The secularisation and professionalisation of the nursing profession owe much to one exceptional founding figure: Florence Nightingale. Born in Florence in 1820 (she died in London in 1910), this British woman is regarded today as the pioneer of modern nursing. She was a paragon of feminine virtue in the Victorian era. And she durably shaped the codes and values of the profession.
Born into a wealthy family of Britain’s high society, Florence Nightingale was named after the city where she was born, when her parents were on a long trip to Italy. At age nine, she already spoke French and then she learned Latin, Greek, German, Italian, history and philosophy from her father. As members of the Unitarian Church, a liberal and undogmatic Christian denomination, the Nightingales believed in social progress and the importance of serving the community—a vocation that Florence embodied all her life.
In 1837, when a flu epidemic struck southern England, she devoted several weeks to the intensive care of the sick around her, acting as "nurse, housekeeper, moral support and doctor”. She wrote in her diary, "God spoke to me and called me to his service.” In 1839, Florence Nightingale was presented to Queen Victoria's court. And the same year, she began to develop a passion for mathematics.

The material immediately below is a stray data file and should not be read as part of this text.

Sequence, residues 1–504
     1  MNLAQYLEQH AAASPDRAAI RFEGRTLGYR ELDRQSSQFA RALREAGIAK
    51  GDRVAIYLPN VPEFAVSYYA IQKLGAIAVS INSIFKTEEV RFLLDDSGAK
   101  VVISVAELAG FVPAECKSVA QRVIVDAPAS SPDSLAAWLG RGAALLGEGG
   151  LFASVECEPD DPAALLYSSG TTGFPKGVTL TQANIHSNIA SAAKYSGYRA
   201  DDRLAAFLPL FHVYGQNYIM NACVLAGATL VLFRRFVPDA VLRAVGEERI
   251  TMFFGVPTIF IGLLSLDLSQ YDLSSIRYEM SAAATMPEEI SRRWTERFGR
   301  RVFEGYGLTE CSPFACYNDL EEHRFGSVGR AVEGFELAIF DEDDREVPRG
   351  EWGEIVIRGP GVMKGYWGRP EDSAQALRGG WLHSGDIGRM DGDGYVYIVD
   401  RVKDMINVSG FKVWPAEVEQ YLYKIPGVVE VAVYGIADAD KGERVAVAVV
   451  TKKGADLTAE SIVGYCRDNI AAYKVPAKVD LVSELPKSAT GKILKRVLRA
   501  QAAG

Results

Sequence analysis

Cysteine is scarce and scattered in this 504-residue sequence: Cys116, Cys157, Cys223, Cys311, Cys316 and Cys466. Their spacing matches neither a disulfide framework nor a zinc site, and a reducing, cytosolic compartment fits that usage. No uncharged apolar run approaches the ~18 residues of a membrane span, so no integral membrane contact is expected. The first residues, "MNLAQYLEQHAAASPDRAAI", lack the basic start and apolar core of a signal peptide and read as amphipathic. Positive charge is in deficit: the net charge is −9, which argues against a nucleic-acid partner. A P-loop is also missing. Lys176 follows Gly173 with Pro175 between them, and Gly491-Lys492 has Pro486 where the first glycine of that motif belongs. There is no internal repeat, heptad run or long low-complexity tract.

In the 1850s, her life project took shape. She left for a hospital internship in Paris, then assisted her dying grandmother and finally accepted an offer to run a health centre in London. She then became a superintendent at the Institute for the Care of Sick Gentlewomen in London. It was with the Crimean War, which began in 1853, that her vocation became a profession. A considerable number of soldiers were afflicted with cholera, dysentery and other ailments. Thousands were wounded or killed in the various battles. So Nightingale planned a humanitarian intervention for which she obtained the support of the British authorities. She recruited volunteer nurses and went to Turkey, across the Black Sea, where the soldiers were based. In difficult conditions, with limited medicine supplies, poor hygiene and indifferent officers, the nurses tried to clean the hospital, where the mortality rate was considerable. Poor sewerage and lack of ventilation made the work somewhat futile. But Nightingale obtained a health commission from the British government and the work was carried out.